Skip to content
New issue

Have a question about this project? Sign up for a free GitHub account to open an issue and contact its maintainers and the community.

By clicking “Sign up for GitHub”, you agree to our terms of service and privacy statement. We’ll occasionally send you account related emails.

Already on GitHub? Sign in to your account

builtin: trace function #6069

eaigner opened this issue Aug 7, 2013 · 4 comments

builtin: trace function #6069

eaigner opened this issue Aug 7, 2013 · 4 comments


Copy link

@eaigner eaigner commented Aug 7, 2013

I often need to see what's really going on in a specific function, so I drop a quick
`fmt.Println` in the code to output the data I want to investigate.

This has 2 disadvantages:

1) I always need to jump to the header and import "fmt" and remove it when the
log is removed
2) If I need more context information, I also have to import "runtime" to get
a call stack trace

I propose a built in function



    tracef(format string, args...interface{})

that does this without requiring fmt or runtime. The output would look like the `panic`
stack trace with the custom information attached.
Copy link
Contributor Author

@eaigner eaigner commented Aug 7, 2013

Comment 1:

Essentially it's a panic that doesn't panic, just print.

Copy link

@cznic cznic commented Aug 7, 2013

Comment 2:

No need to put _into the_ language a new built-int for what can be _expressed by the_
language already. #Reject
package foo_test
import (
func trace(s string, va ...interface{}) {
        _, fn, fl, _ := runtime.Caller(1)
        fmt.Printf("%s:%d: ", path.Base(fn), fl)
        fmt.Printf(s, va...)
- Now you can write debug prints, to be printed during tests, like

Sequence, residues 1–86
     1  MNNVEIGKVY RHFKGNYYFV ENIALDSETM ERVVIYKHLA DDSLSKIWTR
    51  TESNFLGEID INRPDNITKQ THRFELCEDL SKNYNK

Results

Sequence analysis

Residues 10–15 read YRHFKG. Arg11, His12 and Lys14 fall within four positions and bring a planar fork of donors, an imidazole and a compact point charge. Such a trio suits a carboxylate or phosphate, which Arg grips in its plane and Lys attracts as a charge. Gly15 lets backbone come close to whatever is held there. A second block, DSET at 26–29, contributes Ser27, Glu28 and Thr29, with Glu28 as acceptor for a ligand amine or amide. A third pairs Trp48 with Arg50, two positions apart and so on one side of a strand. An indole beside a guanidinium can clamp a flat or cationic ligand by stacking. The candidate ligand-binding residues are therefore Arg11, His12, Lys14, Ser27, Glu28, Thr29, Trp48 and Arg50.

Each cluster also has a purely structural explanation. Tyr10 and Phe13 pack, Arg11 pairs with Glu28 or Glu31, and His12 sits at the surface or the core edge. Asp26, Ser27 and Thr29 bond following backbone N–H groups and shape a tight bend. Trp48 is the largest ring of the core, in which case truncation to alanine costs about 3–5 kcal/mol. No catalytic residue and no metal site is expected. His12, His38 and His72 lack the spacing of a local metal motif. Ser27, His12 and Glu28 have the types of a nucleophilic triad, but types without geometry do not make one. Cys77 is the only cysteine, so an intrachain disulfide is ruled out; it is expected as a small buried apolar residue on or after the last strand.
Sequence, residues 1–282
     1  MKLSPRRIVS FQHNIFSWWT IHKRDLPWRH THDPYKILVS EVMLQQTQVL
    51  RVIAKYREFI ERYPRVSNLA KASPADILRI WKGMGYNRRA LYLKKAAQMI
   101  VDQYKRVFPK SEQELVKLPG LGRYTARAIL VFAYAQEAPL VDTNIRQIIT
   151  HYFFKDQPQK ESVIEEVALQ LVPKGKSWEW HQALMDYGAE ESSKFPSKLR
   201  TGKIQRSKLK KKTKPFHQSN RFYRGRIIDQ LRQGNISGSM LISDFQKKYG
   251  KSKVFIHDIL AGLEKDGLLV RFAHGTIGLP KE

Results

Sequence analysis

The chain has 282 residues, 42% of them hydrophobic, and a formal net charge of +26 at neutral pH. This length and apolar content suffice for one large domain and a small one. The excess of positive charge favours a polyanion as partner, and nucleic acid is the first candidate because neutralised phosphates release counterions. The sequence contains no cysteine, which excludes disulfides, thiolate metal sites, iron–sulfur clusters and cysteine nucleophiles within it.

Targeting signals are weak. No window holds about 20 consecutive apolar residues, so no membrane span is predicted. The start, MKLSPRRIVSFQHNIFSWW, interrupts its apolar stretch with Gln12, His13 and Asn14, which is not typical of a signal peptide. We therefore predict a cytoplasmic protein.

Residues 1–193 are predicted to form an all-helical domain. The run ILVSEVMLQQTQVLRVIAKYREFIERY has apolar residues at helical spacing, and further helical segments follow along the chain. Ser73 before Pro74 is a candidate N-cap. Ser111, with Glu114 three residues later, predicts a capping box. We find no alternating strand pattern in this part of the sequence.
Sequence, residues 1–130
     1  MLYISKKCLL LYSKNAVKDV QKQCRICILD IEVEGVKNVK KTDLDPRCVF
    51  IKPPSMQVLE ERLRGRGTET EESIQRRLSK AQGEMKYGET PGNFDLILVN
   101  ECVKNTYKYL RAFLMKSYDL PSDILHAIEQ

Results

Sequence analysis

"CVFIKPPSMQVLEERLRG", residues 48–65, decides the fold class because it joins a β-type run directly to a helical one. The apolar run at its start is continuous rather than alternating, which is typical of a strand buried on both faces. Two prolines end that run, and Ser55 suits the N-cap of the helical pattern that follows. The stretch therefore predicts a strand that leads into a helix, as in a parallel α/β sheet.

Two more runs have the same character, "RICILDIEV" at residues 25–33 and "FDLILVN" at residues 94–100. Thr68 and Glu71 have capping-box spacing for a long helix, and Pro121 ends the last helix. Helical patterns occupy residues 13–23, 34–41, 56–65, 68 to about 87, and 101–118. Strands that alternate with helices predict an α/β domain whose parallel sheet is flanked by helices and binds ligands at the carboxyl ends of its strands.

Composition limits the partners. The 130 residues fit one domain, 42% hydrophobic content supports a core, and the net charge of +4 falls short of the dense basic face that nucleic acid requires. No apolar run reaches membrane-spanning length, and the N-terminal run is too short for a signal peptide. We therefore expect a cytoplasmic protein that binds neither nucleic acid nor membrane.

trace("%v %i", myVar, i)
- No need to import/unimport anything.
- You cannot forget to remove the debug prints before building the binary, because as
long as they are present in the source, the build will fail. It will build only when
    $ go test

Copy link
Contributor Author

@eaigner eaigner commented Aug 7, 2013

Comment 3:

a) this solution only works provided that you are in a test case
b) you'll have to duplicate this for every package if you don't want explicit imports
So it's not a solution.

Copy link

@bradfitz bradfitz commented Aug 7, 2013

Comment 4:

print and println aren't even part of the language.  I don't think we need more stuff
that's debug-related.

Status changed to WorkingAsIntended.

@rsc rsc added this to the Go1.2 milestone Apr 14, 2015
@rsc rsc removed the go1.2maybe label Apr 14, 2015
@golang golang locked and limited conversation to collaborators Jun 24, 2016
This issue was closed.
Sign up for free to subscribe to this conversation on GitHub. Already have an account? Sign in.
None yet
Linked pull requests

Successfully merging a pull request may close this issue.

None yet
5 participants